But, according to this poll from Gallup, sermons or talks that teach more about Scripture is the top reason that people go to worship.
I have seen this in my own ministry. Today, there is wide acceptance among churchgoers of varied worship and musical styles. The worship music wars are over in North American churches, in part I think, because we all are exposed to so many different musical styles that for us to hear such variety in worship isn't jarring.
Today, people care less about packaging--worship form--than they do about what's inside--the message proclaimed. People want to know what God says in His Word, what He calls us to believe and why.
In thirty-two years as a pastor, I've never seen a greater hunger for God's Word than I see today.
This dovetails with my own journey as a preacher. In days past, I looked for great stories to fill my sermons. A good story that helps people to understand the Bible text before them is fine. But too often, I think, I tried to be "cute."
When my former denomination began taking a path away from the authority of Scripture as God's Word and the norm for our life, faith, and practice, I decided that the time for cute was through. If so many people in my former denomination could be hoodwinked into walking away from the authority of God's Word, a central tenet of the Lutheran confessions, I had to quit assuming that everyone knew what the Bible said. I needed to unfold the Scripture again and again.
I know that in my own life, in the craziness of daily living, I can easily lose sight of God's Word, His revealed will for me as a human being, and the center of history, God enfleshed, Jesus, Who died with humanity and rose from death in order to open up eternal life with God to all who believe in HIm. If I as a pastor, won't help people to hear and see what God is saying to them, I let them down.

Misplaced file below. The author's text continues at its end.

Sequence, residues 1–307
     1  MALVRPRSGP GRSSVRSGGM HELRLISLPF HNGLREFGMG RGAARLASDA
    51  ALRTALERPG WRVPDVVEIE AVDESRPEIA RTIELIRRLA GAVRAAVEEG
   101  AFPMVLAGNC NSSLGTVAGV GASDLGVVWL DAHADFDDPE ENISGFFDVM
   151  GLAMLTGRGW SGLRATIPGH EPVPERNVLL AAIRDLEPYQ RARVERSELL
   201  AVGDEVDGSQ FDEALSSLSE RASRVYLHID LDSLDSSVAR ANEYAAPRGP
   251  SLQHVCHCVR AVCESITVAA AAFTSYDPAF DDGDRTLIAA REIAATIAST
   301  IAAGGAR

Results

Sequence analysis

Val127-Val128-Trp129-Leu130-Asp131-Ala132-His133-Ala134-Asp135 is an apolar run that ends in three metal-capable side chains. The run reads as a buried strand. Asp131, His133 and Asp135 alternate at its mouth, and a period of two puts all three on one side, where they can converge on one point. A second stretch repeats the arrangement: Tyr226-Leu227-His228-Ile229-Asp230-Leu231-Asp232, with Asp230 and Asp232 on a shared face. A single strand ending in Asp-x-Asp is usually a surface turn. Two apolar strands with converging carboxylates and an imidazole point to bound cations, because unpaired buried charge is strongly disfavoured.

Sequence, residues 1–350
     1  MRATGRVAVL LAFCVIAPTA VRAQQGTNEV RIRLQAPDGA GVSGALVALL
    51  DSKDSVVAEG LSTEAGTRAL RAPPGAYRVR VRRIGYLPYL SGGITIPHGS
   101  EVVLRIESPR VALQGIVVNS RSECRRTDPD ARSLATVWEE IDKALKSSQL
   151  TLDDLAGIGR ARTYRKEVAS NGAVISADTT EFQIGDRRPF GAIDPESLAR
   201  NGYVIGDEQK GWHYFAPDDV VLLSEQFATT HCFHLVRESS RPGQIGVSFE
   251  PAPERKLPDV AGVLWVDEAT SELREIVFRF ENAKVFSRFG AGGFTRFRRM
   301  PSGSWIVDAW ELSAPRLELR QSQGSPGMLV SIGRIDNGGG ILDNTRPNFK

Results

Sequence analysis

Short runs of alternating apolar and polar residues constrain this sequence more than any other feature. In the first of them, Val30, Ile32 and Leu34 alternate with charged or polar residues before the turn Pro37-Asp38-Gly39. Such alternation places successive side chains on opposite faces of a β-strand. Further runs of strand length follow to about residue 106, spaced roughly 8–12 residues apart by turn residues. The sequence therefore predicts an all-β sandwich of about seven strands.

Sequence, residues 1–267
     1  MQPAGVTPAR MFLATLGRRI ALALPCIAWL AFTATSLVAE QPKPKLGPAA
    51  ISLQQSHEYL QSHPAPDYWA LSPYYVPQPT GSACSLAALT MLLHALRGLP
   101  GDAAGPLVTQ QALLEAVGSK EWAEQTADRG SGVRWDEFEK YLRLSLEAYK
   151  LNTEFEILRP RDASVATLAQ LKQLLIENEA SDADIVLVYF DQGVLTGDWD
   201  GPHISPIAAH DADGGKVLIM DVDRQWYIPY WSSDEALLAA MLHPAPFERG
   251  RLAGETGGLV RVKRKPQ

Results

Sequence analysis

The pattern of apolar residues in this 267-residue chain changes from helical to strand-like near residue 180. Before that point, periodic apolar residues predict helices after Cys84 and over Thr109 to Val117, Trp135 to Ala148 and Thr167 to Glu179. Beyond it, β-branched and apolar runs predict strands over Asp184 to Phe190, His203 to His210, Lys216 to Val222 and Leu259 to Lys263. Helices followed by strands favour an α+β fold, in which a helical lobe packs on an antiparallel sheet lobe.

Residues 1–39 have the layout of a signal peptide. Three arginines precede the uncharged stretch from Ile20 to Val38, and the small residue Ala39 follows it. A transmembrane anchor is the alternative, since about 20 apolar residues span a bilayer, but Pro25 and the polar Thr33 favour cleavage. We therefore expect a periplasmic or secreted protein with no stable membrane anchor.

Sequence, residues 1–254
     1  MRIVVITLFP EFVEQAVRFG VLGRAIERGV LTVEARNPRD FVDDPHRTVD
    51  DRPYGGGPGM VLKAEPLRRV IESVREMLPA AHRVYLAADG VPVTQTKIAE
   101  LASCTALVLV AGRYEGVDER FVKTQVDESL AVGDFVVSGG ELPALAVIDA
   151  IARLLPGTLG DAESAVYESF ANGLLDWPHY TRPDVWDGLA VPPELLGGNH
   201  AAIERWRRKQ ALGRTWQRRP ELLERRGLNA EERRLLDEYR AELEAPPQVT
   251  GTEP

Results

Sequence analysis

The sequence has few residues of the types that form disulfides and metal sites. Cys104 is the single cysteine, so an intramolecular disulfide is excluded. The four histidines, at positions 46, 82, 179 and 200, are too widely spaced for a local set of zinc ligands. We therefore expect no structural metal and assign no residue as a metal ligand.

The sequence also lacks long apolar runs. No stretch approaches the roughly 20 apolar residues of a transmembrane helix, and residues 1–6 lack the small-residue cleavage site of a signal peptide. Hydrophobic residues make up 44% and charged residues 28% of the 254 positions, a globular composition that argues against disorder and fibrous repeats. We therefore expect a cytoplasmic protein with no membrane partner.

There are fewer stories in my sermons these days. And the stories are usually shorter. Always, I pray, they're tied to the Biblical text on which I'm preaching on that day.
Christian faith is life and death business. People who come to worship with us who have no faith need to hear God's Word...without me, my stories, or attempts to be entertaining, relevant, or cute getting in the way. People who come to worship and believe, yet need encouragement, help, counsel, strength, reproach, or liberation, aren't helped when sermons are autobiographical and cute.
People need Christ. And they need the Word about Christ, which is found in every word of the Old and New Testament. People don't seem to mind that I don't entertain them. Or wow them.
Hellenistic Jews once approached Philip, another Hellenistic Jew and a follower of Jesus. They told Philip: "Sir, we would like to see Jesus" (John 12:21).
Whether the people who go to Christian worship on Sunday mornings know it or not, they're seeking the same thing. When, in Christian preaching, as well as Christian fellowship, Christian worship, and Christian service, they do see Jesus, they'll be back for more.
The Word of God, when read, pondered, or proclaimed has power! In the New Testament, Paul says, "...faith comes from hearing, and hearing through the word of Christ" (Romans 10:17). And God assures us in the Old Testament that when His Word is spoken:
...as the rain and the snow come down from heaven and do not return there but water the earth, making it bring forth and sprout, giving seed to the sower and bread to the eater, so shall my word be that goes out from my mouth; it shall not return to me empty, but it shall accomplish that which I purpose, and shall succeed in the thing for which I sent it. (Isaiah 55:10-11)The Gallup findings are not surprising to me, then. When people hear God's Word faithfully read and explicated, they know they've heard from the One Who made them, redeemed them on the cross and rose from the dead to give them life, and still lives with them through His Holy Spirit. They've come into contact with the Life-Giver and the Life-Changer. And they want more!
And they begin to feel like the apostle Paul:
...I count everything as loss because of the surpassing worth of knowing Christ Jesus my Lord. For his sake I have suffered the loss of all things and count them as rubbish, in order that I may gain Christ and be found in him, not having a righteousness of my own that comes from the law, but that which comes through faith in Christ, the righteousness from God that depends on faith— that I may know him and the power of his resurrection, and may share his sufferings, becoming like him in his death, that by any means possible I may attain the resurrection from the dead. (Philippians 3:8-11)[Blogger Mark Daniels is pastor of Living Water Lutheran Church in Centerville, Ohio.]